The House of Representatives has directed the Federal Inland Revenue Service to compute the volume of crude oil trading by marketers operating in Nigeria for appropriate tax assessment.

The directive followed a revelation by the FIRS that one of the major traders, Trafigura, had never paid tax on its operations to the government.

The FIRS made the submission to the ad hoc committee of the House investigating the refined product exchange agreement contracts between the Nigerian National Petroleum Corporation and the crude trading firms.

The swap arrangement involved the exchange of crude oil for refined petroleum products in which the corporation gave out part of its 445,000 barrels daily share of crude oil to the trading companies.

According to the Pipelines and Product Marketing Company, Trafigura lifted 12.5 million metric tonnes of crude oil out of Nigeria between 2011 and 2014.

The firm, the PPMC noted, did not pay any tax to the Federal Government on the excuse that it was not registered in Nigeria.

The FIRS confirmed to the committee, which is chaired by an All Progressives Congress lawmaker from Kwara State, Mr. Zakari Mohammed, that Trafigura had never made declarations for tax assessment.

Mr. James Joseph, who appeared before the committee with the designation, Managing Director, Trafigura West Africa, pointedly told the committee that the firm was not bound by Nigerian tax laws.

He claimed that the firm strictly did offshoreBUSINESS and could not be taxed in Nigeria because it was not registered in the country.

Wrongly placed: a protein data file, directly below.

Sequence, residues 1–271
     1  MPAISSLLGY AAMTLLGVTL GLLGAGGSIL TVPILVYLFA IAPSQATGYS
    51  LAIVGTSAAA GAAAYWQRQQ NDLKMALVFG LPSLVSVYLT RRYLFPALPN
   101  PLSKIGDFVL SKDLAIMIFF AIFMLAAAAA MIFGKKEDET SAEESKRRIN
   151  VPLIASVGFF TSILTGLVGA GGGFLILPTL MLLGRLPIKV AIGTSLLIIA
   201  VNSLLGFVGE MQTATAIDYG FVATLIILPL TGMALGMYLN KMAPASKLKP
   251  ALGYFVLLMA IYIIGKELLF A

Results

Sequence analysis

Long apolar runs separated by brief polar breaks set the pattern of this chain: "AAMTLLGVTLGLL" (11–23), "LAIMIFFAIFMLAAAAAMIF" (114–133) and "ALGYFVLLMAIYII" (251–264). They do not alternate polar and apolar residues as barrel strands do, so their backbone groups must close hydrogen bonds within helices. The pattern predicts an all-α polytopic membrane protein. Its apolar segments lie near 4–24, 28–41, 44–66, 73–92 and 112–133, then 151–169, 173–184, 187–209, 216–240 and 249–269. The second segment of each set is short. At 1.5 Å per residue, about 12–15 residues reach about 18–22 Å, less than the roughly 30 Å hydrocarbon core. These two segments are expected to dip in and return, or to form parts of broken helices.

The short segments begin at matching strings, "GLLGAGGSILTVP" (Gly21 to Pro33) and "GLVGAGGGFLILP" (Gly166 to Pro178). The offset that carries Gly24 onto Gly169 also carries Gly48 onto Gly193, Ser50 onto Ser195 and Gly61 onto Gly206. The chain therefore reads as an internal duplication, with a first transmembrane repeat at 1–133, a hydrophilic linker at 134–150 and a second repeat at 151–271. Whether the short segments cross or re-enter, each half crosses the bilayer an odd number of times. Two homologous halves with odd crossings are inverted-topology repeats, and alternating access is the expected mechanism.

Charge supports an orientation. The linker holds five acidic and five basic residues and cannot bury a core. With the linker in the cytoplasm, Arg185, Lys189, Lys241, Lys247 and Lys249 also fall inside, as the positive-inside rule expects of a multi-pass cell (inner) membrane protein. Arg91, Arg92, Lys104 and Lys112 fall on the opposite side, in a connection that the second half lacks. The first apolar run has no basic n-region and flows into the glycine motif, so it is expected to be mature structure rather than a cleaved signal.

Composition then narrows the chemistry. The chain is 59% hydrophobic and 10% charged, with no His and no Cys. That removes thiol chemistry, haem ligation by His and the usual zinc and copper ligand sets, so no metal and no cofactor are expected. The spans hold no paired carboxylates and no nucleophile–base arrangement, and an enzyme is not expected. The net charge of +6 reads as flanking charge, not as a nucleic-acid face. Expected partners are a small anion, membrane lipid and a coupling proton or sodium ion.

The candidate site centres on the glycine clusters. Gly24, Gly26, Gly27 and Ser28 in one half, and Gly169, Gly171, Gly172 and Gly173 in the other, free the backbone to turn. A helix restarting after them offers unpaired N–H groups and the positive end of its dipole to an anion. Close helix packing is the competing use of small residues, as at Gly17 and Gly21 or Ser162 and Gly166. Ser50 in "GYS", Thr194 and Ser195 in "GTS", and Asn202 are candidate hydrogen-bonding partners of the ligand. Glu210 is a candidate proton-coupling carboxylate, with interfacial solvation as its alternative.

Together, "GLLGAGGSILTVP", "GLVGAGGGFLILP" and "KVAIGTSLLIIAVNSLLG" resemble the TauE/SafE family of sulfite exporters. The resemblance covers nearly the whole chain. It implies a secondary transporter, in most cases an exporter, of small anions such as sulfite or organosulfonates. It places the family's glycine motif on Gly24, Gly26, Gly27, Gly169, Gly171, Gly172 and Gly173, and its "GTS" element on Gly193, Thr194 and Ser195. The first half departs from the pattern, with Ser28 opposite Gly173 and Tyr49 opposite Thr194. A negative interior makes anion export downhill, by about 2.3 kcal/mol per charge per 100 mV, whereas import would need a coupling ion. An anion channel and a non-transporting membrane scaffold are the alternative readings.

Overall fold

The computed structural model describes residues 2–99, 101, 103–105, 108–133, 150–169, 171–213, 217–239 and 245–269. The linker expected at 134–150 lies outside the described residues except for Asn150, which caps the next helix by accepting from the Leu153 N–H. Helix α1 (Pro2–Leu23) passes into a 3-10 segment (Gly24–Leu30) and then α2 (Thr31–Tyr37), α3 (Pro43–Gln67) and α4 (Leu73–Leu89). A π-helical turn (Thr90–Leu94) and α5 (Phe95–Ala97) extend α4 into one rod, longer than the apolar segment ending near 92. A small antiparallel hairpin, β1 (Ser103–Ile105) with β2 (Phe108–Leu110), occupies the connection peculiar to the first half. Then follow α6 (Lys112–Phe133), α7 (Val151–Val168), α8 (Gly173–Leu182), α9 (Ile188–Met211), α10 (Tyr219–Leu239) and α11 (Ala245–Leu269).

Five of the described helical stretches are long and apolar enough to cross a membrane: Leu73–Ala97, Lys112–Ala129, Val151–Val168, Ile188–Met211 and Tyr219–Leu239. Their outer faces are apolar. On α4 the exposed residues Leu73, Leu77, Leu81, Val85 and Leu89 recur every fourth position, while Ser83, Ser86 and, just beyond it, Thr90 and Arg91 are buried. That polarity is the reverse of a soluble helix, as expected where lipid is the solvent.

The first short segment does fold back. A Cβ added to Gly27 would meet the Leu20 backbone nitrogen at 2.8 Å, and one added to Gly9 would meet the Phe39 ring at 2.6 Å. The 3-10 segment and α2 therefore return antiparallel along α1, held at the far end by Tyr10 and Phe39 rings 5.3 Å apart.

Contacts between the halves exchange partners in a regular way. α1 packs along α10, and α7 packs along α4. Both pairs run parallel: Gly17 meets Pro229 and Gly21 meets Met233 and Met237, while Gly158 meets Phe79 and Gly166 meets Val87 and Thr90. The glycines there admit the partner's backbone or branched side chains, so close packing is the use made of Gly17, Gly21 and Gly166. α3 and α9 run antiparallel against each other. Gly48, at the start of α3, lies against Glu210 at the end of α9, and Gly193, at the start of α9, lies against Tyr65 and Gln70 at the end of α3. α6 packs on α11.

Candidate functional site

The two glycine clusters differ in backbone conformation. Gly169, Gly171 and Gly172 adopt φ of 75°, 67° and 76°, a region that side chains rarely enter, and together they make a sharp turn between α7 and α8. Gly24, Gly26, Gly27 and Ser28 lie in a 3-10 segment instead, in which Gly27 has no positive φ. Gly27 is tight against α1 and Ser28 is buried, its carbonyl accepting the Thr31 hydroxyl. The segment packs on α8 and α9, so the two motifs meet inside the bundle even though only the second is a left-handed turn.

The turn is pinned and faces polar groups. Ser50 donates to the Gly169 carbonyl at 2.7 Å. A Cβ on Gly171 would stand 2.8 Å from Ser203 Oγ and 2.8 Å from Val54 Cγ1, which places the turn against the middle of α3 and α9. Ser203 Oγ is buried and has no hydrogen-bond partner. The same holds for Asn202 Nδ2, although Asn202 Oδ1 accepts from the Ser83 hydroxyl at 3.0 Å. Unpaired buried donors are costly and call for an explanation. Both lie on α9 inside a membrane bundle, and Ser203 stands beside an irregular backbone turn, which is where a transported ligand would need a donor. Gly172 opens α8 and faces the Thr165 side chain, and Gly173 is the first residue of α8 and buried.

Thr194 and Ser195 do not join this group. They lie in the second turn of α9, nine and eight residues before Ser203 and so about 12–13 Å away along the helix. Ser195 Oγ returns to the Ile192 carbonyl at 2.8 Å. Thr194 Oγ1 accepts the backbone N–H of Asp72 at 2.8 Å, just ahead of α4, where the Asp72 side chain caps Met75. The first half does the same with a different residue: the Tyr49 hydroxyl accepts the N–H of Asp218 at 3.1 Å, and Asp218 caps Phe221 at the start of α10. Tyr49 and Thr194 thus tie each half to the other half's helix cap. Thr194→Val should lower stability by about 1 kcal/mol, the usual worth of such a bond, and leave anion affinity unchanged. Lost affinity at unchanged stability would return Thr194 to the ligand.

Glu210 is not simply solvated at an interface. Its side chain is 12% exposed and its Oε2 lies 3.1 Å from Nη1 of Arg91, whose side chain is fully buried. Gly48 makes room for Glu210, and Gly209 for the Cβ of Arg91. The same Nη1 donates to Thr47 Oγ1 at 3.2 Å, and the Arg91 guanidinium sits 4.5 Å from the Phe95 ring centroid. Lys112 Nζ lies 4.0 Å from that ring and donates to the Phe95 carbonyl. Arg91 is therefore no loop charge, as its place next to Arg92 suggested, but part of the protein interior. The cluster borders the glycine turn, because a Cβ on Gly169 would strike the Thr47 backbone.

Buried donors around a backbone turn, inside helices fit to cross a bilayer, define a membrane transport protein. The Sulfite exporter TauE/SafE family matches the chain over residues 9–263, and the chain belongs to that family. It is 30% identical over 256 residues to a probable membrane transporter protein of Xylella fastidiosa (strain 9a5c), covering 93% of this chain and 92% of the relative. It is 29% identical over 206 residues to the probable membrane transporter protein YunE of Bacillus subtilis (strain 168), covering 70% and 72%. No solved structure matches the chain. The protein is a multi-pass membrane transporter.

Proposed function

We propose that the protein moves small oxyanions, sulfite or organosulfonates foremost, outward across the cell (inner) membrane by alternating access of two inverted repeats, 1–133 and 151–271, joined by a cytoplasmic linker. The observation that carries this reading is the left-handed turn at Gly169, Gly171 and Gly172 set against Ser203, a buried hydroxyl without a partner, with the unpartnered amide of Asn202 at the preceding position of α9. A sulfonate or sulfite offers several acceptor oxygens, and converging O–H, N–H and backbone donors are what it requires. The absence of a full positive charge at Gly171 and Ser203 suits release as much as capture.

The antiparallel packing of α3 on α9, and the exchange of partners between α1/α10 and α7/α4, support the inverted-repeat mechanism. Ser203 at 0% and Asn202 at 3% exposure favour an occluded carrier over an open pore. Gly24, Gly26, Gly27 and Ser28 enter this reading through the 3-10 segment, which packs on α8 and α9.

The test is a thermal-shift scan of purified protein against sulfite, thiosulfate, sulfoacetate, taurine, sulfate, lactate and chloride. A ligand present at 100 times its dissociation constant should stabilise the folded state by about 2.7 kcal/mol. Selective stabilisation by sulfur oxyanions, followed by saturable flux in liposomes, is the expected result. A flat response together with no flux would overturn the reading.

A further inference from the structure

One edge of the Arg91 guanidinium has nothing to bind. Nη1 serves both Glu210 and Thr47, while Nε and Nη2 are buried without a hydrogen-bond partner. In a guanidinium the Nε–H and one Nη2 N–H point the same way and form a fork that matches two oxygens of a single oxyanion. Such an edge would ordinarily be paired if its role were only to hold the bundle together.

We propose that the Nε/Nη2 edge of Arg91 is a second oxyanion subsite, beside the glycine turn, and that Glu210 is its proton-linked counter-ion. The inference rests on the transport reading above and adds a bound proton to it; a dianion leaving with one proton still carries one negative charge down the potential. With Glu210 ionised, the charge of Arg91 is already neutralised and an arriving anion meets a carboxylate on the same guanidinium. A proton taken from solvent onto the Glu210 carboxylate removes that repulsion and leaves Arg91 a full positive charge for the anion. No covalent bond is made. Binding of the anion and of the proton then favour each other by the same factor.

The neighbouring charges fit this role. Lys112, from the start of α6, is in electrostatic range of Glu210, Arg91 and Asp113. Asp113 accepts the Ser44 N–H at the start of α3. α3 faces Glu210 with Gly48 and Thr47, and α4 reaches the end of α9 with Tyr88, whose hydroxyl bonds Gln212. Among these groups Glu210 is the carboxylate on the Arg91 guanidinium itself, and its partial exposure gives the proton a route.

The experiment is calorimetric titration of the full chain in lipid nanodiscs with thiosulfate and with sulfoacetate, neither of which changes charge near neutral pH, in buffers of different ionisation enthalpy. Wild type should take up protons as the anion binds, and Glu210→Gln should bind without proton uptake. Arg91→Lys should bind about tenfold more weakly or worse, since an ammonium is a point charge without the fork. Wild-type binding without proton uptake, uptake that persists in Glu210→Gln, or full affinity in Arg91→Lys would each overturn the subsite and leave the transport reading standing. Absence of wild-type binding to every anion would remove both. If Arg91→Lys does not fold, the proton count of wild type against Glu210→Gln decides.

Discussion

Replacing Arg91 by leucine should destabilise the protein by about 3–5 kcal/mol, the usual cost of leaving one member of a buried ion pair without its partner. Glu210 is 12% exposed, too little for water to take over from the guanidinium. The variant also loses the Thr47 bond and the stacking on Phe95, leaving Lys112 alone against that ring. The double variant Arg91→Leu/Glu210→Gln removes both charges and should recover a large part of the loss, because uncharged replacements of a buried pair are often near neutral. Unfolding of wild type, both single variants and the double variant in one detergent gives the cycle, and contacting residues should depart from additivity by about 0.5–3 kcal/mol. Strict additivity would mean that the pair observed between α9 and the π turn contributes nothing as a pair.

The committee dismissed this argument on the grounds that Trafigura at least earned income on logistics services it provided in Nigeria, which were taxable.

Mohammed said, “The PPMC should immediately provide all documents on crude oil lifting by Trafigura to the FIRS for tax assessment.

“I am sure that there are aspects of our tax laws that capture the operations of firms like Trafigura.”

The Nigeria Customs Service also informed the committee that though Trafigura lifted the crude in exchange for refined products, there was no evidence in its records that the firm shipped products to Nigeria under the swap arrangement.

But Trafigura countered the position of the NCS, saying that it delivered refined products. It, however, admitted that there was an outstanding balance of products worth $2.5m to be returned to Nigeria.

The committee also discovered that while some crude traders like Aiteo, Ontario and Taleveras paid taxes, they still had balances to remit to the Federal Government.

The outstanding for Taleveras is N859.9m; Aiteo, N256m; and Ontario, N11.2m.

The committee directed the firms to make a commitment on when they would pay up.

The firms did not dispute the tax figures and pledged to pay the money without further delay.

The committee later adjourned sitting till Tuesday next week to take the presentations of the Minister of State for Petroleum Resources, Dr. Ibe Kachikwu, and the management of the NNPC.


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